FLIER, commanded by Cdr. J.D. Crowley, left
Several of the men on the bridge were injured and the Commanding Officer was thrown to the after part of the bridge, where he regained his senses a moment later. Oil, water and debris deluged the bridge. There was a strong smell of fuel, a terrific venting of air through the conning tower hatch, and the sounds of flooding and of screaming men below. Lt. Liddell, the Executive Officer, had stepped below the hatch to speak to Cdr. Crowley; he was blown through it and men poured out behind him. Within 20 or 30 seconds FLIER sank while still making 15 knots through the water. The Commanding Officer’s opinion is that the explosion was caused by contact with a mine.
Those men who survived have stated that the following men were seen in the water after the ship went down: Crowley, J.D., Cdr.; Liddell, J.W., Jr., Lt.; Jacobson, A.E., Ens.; Howell, A.G., CRT.; Tremaine, D.P., FCR3c; Miller, W.B., MoMM3; Russo, J.D., QM3c; Baumgart, E.M., MoMM3; Knapp, P., Lt.; Casey, J.E., Lt.; Reynolds, W.L., Lt, (jg); Mayer, P.S., Ens.; Pope, C.D., CGM; Madeo, G.F., F2c. Lt. (jg) Reynolds was wounded, as was Hudson, and when the word was passed for all survivors to gather together, they and Pope did not reappear. Ens. Mayer was being assisted by Howell, but after 20 minutes he was unconscious and had to be abandoned.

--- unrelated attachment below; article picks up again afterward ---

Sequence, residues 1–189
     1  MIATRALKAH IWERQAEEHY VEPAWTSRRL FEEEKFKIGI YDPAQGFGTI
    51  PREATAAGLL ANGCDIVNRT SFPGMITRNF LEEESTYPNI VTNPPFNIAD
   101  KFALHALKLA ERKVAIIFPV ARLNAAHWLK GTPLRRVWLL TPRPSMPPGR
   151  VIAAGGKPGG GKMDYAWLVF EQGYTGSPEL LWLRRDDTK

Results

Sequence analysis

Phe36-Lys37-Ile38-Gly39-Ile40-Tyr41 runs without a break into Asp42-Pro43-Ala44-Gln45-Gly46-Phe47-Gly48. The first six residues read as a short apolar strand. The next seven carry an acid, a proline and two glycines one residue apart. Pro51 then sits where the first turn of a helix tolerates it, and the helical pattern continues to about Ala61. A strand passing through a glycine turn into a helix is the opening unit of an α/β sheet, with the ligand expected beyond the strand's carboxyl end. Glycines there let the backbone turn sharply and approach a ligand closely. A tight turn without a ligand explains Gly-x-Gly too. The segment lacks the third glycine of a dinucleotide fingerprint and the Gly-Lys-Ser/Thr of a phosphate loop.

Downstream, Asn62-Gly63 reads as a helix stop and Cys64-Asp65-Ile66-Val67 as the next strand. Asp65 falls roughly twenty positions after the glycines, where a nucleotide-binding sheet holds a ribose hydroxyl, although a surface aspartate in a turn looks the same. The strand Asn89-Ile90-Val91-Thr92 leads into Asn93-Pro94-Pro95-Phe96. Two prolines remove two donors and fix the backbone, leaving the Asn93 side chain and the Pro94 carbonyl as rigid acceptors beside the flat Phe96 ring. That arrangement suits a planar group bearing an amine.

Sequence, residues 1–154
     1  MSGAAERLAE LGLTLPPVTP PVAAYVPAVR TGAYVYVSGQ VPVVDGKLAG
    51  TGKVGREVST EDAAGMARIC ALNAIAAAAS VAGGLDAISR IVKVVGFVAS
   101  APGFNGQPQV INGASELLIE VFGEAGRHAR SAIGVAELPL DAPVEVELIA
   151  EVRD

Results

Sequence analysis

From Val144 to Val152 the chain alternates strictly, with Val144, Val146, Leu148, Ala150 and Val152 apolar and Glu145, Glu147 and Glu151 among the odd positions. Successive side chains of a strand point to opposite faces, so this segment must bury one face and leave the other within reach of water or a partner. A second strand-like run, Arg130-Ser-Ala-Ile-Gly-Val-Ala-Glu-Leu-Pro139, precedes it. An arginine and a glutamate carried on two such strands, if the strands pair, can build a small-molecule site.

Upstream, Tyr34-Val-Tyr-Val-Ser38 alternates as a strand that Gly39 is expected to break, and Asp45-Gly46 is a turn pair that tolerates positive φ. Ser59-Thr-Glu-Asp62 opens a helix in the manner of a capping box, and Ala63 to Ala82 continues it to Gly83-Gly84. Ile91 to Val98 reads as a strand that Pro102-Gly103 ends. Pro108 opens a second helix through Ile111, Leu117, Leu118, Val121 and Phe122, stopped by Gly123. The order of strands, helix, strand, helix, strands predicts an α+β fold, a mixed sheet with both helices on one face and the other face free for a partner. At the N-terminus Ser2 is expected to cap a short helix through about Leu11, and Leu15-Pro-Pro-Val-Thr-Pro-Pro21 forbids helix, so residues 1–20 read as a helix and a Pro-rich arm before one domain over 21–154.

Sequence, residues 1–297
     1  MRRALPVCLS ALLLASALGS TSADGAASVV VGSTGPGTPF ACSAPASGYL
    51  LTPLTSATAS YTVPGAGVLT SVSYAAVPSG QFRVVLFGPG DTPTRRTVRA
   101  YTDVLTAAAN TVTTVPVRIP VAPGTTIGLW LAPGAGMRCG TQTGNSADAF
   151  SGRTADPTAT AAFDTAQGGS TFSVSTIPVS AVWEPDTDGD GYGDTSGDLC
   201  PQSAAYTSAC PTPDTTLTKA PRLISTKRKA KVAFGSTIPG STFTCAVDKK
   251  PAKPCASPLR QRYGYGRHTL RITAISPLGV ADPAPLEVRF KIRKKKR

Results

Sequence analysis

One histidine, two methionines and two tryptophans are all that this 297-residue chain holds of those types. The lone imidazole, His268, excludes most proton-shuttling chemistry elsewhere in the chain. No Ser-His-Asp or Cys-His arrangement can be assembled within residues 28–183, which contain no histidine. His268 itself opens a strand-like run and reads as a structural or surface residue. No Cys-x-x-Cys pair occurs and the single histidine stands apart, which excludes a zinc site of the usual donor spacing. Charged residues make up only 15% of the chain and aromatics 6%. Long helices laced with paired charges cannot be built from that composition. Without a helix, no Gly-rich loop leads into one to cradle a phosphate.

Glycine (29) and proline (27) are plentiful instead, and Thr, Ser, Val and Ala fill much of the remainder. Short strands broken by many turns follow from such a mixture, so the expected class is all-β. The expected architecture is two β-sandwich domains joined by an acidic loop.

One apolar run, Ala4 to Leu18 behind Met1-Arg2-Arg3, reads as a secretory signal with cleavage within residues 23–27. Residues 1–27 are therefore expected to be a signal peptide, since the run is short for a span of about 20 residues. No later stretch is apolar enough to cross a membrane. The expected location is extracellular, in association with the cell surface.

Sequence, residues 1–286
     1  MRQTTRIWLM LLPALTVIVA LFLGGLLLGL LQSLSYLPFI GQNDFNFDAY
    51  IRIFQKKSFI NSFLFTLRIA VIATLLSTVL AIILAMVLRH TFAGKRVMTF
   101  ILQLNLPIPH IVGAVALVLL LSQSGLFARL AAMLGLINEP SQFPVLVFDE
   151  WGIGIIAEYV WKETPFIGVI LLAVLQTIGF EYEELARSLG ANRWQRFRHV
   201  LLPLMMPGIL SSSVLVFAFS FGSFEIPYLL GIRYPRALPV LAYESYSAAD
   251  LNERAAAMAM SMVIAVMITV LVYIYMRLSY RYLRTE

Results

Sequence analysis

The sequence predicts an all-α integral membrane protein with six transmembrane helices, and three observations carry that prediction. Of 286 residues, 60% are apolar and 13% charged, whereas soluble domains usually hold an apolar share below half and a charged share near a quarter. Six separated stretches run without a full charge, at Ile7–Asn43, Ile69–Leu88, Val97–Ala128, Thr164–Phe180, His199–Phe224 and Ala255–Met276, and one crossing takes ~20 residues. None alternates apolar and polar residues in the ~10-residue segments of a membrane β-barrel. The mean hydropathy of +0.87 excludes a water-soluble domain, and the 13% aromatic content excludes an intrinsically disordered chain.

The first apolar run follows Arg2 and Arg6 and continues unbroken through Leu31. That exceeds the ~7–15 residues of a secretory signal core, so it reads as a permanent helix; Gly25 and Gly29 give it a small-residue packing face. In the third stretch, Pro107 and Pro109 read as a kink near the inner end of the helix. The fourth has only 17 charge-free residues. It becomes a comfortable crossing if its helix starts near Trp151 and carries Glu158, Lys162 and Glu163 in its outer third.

The first impulse was to swim to
All this time Lt. Casey had been unable to see, having been partially blinded by oil. At about 0400 he became exhausted and the others were forced to leave him. Commander Crowley realized that the only hope for anyone lay in swimming at best speed, and all hands were told to do the best they could towards land, which was now in sight. Madeo now began to fall behind and was not seen after 0500.
At 1330 five of the group, Cdr. Crowley, Lt. Liddell, Ens. Jacobson, Howell and Baumgart reached a floating palm tree and used this to aid themselves in remaining afloat and pushing towards land. This group came ashore and
In the days following, plans were laid to obtain food and water and to make contact with friendly natives. A raft was made of drifted bamboo lashed together, and the party began working from island to island, with
FLIER’s first patrol was conducted west of